One can hardly fault Republican lawmakers and Gov. Pat McCrory for firing shots at the N.C. Education Lottery.
McCrory used his State of the State address to complain about the marketing expense of the game and the obnoxious radio and television advertising that comes with it. He would like to scale back both of those efforts. Amen.
Republican legislators have toyed with a proposal to remove the word “education” from the game’s title, since governors and legislators alike have freely diverted education funds into other needs.
The money generated by the lottery technically goes to education, but when the normal appropriation for schools is hijacked for another use before the cash leaves the General Fund, the net effect is the same. Schools aren’t getting their full share of appropriations, plus lottery revenue, as the original legislation for the lottery clearly stated they should.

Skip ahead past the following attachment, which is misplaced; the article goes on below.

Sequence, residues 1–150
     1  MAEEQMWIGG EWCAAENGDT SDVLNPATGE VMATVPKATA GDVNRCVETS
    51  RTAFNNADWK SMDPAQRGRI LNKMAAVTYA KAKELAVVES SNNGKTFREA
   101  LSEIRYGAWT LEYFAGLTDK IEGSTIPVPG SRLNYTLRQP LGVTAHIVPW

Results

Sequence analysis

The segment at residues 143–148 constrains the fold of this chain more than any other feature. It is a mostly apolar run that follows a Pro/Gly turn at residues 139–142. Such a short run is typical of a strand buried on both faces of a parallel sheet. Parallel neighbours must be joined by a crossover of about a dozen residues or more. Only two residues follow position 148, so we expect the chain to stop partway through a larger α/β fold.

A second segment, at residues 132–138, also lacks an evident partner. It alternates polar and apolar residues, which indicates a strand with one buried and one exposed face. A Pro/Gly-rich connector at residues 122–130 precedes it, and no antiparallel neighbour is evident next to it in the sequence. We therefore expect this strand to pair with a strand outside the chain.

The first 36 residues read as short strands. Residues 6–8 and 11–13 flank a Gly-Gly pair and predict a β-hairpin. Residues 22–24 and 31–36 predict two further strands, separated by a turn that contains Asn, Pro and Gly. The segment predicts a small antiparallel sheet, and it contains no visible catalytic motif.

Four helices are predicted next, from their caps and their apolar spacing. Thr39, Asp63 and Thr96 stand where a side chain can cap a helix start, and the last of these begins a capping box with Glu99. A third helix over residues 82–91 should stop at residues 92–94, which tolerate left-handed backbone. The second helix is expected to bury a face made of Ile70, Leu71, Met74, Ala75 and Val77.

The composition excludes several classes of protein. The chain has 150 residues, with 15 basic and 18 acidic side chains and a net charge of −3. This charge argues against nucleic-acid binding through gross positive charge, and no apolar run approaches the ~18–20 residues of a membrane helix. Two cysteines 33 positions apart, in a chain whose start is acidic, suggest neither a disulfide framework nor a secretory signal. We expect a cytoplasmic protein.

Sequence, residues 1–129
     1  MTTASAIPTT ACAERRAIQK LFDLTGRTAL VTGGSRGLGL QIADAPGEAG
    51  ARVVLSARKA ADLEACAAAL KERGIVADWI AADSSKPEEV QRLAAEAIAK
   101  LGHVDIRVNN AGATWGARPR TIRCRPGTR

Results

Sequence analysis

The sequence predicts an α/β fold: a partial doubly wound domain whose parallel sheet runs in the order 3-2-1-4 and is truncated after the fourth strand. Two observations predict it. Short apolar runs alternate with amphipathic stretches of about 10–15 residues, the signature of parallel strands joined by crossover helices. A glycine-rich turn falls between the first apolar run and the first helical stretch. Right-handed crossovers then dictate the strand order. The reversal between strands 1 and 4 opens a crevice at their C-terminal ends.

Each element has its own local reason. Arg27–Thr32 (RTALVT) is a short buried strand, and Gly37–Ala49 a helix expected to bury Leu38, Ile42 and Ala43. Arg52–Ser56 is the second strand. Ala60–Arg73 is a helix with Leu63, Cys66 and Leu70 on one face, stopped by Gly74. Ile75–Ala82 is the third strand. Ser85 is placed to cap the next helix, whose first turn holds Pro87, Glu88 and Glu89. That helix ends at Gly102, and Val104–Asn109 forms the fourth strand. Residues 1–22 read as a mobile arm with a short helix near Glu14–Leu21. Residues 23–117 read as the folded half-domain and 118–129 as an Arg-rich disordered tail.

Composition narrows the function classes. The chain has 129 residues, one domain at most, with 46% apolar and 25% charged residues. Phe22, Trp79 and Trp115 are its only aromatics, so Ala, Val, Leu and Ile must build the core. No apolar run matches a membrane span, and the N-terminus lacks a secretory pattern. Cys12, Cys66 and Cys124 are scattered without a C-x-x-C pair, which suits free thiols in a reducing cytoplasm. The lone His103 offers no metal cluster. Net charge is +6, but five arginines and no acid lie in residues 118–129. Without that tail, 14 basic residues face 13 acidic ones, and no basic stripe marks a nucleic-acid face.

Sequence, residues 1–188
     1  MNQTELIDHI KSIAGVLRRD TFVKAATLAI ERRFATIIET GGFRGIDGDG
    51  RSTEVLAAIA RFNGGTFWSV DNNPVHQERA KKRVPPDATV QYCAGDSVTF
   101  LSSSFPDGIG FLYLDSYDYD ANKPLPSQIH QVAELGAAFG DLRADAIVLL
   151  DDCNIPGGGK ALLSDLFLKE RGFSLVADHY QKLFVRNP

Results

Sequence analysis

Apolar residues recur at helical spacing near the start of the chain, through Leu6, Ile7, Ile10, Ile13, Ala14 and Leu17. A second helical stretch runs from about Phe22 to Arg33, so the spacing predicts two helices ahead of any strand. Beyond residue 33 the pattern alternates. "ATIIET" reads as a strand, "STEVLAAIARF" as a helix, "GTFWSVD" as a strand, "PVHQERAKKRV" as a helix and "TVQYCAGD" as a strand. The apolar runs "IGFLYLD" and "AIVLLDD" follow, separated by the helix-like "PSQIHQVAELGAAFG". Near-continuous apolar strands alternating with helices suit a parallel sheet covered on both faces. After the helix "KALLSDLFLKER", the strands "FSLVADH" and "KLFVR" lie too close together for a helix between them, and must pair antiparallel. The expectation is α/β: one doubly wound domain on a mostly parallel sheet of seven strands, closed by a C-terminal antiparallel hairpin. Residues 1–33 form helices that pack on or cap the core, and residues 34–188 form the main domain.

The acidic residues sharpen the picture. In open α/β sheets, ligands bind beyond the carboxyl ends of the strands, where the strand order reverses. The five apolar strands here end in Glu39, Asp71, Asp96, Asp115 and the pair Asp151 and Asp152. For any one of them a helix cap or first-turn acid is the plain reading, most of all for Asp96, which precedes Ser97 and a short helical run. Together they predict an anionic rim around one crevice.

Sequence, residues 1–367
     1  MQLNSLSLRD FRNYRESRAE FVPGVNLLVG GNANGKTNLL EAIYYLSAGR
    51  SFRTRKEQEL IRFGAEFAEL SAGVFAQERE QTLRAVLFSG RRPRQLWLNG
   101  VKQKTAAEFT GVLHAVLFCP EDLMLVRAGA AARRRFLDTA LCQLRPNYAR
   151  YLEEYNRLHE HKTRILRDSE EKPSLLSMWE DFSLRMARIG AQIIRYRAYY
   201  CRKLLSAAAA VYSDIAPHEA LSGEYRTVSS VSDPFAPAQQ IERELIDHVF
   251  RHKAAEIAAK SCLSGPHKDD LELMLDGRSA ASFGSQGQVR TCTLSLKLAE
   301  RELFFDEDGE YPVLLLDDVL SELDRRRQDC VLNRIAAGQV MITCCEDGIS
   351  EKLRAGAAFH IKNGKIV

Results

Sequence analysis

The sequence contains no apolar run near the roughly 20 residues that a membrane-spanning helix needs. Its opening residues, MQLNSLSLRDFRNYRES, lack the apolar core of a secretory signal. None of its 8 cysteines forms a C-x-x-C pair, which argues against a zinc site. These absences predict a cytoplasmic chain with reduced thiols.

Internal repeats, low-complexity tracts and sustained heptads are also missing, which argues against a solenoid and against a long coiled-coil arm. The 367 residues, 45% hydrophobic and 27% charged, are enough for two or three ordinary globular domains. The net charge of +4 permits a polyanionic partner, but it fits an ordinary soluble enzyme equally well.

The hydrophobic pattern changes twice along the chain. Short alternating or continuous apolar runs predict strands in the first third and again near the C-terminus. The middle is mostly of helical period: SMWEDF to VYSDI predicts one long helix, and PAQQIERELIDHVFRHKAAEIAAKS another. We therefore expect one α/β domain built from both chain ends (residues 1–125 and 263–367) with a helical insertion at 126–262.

For all of the validity of those complaints, the lottery’s supporters, including N.C. Sen. Clark Jenkins, D-Edgecombe, stand by their game of chance. The lottery is working just fine, Jenkins told The Associated Press. It doesn’t need changing.
Jenkins has a point. The lottery is coming off a year of record revenues. And the N.C. General Assembly began its 2013 session with a small surplus of money – a stark contrast to 2012 and 2011.
But if you think about it, that simply means the lottery is doing a better job than ever of separating players from their money.
If the legislature really wants to put some honesty in the game, why not offer a new marketing slogan? “The North Carolina Lottery – creating more losers than ever!”
That probably won’t sell as many tickets as Ric Flair has during his occasional role as lottery pitch man, but it certainly would some candor to the proceedings.
The lottery might be here to stay, but credit McCrory and legislators for underscoring a few of its faults.